The son of a French plantation owner and a slave from Senegal, Joseph Bologne, Chevalier de Saint-George, was born on the island of Guadeloupe on Christmas Day, 1745. Shipped off to France at an early age, the exotic young swashbuckler soon made waves throughout Europe as a swordsman, violinist, and composer. In the latter capacity, his style (along with everyone else’s at the time) bore a family resemblance to Mozart’s. Indeed, Bologne has long haunted the shadows of music history as “the Black Mozart,” a sobriquet fast disappearing, yet there’s reason to suppose that the two musicians were not unknown to each other. For a period of over two months, they lived under the same roof in Paris. (Don’t be picturing La Bohème. The roof was that of a Duke’s mansion.)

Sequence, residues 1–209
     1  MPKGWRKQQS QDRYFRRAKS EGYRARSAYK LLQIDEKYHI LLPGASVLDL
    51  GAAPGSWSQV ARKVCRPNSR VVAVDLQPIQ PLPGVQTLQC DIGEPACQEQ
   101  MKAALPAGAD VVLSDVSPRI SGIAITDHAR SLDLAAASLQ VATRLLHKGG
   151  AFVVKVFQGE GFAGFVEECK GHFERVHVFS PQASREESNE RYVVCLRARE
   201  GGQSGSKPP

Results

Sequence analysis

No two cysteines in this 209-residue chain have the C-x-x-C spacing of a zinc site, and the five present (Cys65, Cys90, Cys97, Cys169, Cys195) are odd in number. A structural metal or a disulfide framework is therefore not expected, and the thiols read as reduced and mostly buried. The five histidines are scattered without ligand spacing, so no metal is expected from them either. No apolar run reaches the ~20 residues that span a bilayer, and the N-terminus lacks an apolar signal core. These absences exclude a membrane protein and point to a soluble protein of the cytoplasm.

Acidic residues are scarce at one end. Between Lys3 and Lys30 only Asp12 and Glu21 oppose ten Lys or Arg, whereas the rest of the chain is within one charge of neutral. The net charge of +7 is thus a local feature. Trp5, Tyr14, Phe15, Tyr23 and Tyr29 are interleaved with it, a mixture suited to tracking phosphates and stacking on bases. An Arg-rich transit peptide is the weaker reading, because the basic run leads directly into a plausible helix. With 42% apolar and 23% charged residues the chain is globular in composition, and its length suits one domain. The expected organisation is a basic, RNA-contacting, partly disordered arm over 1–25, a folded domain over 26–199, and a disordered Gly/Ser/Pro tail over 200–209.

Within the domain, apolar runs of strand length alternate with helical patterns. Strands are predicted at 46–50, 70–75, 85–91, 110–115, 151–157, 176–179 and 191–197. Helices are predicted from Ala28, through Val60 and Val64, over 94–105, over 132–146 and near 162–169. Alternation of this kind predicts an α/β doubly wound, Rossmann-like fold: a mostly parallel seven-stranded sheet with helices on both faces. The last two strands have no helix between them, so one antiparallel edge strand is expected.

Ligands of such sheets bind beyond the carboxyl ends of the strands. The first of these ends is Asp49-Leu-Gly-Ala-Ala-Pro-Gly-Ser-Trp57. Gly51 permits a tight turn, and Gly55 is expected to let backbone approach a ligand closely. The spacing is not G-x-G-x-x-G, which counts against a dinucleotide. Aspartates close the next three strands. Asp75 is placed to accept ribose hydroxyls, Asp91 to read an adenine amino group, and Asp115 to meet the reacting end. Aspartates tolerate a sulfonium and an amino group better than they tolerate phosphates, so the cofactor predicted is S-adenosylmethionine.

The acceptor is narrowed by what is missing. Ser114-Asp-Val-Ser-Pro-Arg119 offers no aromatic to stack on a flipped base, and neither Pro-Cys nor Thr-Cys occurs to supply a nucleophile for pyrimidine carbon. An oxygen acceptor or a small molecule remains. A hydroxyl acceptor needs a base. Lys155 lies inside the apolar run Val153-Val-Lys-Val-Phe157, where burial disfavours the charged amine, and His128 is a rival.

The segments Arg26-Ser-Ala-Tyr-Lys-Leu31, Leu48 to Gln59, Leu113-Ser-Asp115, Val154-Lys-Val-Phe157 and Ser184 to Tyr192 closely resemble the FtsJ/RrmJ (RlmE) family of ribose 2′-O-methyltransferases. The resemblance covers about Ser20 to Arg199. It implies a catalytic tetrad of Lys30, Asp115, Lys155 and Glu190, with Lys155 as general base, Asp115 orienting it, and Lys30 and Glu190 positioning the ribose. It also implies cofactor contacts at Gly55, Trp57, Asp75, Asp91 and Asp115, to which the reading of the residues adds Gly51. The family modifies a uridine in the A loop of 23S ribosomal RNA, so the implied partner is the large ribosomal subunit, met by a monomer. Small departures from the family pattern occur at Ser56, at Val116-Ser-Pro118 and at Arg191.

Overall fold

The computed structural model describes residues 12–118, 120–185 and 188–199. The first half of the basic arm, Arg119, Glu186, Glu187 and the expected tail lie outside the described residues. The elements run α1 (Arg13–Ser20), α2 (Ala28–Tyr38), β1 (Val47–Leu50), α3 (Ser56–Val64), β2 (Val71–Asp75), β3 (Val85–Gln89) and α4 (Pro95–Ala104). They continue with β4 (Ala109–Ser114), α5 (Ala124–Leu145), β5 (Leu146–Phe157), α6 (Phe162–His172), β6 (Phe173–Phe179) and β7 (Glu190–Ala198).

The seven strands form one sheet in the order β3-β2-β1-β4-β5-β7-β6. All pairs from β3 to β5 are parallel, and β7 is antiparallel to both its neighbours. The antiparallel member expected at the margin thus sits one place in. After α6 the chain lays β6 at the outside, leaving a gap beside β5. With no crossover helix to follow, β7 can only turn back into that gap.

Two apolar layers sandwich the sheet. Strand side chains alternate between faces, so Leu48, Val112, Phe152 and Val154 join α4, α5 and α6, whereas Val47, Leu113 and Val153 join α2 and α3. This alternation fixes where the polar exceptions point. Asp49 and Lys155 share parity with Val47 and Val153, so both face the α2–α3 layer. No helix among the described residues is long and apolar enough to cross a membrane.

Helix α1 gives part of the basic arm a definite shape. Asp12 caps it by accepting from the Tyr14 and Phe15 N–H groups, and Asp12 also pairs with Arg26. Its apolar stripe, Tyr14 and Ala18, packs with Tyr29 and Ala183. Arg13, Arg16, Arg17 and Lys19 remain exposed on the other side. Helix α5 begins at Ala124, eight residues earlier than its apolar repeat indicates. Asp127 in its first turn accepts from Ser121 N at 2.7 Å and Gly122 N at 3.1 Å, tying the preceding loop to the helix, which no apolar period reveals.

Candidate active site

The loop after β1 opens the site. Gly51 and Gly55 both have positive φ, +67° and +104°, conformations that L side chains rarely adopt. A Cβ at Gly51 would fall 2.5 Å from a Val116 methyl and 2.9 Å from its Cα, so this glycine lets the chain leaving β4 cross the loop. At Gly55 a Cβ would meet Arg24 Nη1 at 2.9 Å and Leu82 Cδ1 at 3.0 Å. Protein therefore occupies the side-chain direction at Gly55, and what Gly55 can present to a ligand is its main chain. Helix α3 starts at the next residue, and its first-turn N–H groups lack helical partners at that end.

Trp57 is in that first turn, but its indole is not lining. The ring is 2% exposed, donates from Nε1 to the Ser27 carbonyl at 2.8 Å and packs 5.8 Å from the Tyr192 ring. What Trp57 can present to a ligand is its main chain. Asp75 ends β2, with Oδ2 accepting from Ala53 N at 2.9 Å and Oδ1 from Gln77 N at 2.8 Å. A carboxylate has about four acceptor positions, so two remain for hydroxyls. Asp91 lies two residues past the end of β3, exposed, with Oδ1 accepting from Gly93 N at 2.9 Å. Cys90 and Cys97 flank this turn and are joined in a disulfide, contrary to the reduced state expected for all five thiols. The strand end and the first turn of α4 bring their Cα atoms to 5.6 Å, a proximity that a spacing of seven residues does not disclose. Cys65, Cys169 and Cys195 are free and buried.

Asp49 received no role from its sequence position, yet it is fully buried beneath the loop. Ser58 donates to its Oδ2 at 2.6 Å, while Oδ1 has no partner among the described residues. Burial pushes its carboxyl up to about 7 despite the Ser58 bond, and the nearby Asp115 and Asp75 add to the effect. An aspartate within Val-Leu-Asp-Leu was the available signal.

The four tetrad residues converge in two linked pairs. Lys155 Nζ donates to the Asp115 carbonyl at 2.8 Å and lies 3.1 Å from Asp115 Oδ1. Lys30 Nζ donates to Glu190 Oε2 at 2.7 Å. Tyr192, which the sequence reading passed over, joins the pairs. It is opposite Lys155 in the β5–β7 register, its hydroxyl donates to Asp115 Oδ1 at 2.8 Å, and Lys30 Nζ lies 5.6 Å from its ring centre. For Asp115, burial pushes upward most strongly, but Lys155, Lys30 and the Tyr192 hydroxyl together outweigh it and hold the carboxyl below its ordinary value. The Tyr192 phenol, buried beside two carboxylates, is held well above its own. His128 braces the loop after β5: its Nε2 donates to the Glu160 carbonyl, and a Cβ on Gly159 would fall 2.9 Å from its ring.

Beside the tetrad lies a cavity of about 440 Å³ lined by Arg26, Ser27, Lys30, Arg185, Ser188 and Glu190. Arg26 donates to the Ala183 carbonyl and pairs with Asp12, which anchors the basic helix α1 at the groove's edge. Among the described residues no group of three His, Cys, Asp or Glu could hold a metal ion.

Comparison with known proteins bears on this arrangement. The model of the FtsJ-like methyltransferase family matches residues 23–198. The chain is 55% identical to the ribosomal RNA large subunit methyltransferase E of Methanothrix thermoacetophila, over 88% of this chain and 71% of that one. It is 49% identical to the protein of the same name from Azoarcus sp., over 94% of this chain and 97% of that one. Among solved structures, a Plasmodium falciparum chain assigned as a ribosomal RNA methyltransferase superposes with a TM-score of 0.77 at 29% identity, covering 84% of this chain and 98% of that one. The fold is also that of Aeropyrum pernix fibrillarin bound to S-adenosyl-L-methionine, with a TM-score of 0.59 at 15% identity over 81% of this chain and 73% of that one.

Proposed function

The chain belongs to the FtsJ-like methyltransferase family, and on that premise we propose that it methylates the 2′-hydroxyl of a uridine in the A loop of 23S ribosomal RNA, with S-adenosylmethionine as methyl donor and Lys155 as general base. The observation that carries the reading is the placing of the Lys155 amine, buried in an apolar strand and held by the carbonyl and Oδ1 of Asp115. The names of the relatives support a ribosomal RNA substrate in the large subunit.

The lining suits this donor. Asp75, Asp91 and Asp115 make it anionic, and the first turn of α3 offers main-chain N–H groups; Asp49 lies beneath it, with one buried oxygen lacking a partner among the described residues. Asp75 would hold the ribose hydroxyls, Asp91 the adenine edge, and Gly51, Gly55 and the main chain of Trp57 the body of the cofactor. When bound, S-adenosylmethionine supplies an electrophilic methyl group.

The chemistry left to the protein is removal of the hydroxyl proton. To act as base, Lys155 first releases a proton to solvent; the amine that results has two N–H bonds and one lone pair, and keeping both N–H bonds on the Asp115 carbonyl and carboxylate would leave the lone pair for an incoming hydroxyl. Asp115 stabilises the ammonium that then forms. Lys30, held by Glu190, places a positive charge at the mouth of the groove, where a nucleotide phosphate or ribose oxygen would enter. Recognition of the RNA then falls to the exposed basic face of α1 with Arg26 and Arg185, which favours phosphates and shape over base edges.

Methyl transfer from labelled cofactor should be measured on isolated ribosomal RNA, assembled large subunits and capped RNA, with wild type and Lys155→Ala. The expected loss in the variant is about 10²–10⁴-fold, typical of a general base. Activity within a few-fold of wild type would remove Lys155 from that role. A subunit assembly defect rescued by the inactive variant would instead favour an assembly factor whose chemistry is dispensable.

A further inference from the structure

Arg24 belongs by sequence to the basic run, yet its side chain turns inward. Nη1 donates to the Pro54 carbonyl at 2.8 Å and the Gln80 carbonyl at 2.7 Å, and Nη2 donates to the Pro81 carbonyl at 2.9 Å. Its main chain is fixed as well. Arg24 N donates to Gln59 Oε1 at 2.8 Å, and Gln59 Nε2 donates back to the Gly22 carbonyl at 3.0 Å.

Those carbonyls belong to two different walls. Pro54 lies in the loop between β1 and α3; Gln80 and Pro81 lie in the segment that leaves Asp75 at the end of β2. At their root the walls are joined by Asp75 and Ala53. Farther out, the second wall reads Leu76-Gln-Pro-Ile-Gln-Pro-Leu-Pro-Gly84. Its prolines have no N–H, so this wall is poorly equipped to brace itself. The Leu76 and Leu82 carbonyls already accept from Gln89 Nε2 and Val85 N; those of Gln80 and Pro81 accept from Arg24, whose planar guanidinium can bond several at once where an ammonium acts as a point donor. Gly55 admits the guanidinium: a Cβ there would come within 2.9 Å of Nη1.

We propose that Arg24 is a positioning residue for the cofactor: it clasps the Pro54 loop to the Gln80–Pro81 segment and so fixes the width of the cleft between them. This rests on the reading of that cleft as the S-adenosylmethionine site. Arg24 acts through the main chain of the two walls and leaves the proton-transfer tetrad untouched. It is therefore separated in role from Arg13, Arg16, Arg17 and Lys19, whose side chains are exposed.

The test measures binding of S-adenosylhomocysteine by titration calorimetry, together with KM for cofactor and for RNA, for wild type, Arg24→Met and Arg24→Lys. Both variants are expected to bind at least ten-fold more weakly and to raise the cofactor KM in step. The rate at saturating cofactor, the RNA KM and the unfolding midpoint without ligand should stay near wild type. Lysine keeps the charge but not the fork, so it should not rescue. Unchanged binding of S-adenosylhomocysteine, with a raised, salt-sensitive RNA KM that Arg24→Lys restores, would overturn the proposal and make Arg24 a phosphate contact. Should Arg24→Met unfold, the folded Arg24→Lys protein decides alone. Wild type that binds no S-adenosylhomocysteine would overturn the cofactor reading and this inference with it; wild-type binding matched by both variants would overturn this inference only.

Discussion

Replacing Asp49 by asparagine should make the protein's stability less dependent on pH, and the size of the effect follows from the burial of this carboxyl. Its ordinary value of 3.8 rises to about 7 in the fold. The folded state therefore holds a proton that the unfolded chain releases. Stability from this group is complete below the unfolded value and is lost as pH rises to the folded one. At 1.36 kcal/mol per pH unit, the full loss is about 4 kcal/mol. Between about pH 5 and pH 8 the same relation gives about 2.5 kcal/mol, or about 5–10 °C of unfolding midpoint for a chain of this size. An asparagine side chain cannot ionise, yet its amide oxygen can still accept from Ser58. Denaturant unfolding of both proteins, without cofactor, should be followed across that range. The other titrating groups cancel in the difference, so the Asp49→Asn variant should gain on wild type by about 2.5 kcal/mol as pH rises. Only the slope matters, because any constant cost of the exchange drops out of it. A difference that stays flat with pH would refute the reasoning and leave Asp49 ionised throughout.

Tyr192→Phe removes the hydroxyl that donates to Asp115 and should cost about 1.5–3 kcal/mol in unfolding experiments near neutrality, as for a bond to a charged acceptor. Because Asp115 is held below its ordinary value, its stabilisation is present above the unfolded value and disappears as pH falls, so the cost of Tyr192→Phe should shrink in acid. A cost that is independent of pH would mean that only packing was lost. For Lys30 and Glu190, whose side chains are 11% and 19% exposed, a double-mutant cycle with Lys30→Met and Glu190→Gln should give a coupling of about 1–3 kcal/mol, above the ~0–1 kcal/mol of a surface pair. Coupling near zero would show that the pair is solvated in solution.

Of Bologne’s six operas, only L’Amant Anonyme (The Anonymous Lover) survives. As the title suggests, it’s a romantic comedy, predicated on the feints and self-deceptions that Molière mostly made fun of and Marivaux mostly took to heart. Though the orchestration is chamber-scale, vocal fireworks abound. A cast from the young-artists program of the Los Angeles Opera delivers even the most extravagant displays with remarkable aplomb. In the killer role of Léontine, a far-from-merry widow with a very long-suffering secret admirer, the lustrous soprano Tiffany Townsend conjures up a budding Jessye Norman in aria after aria.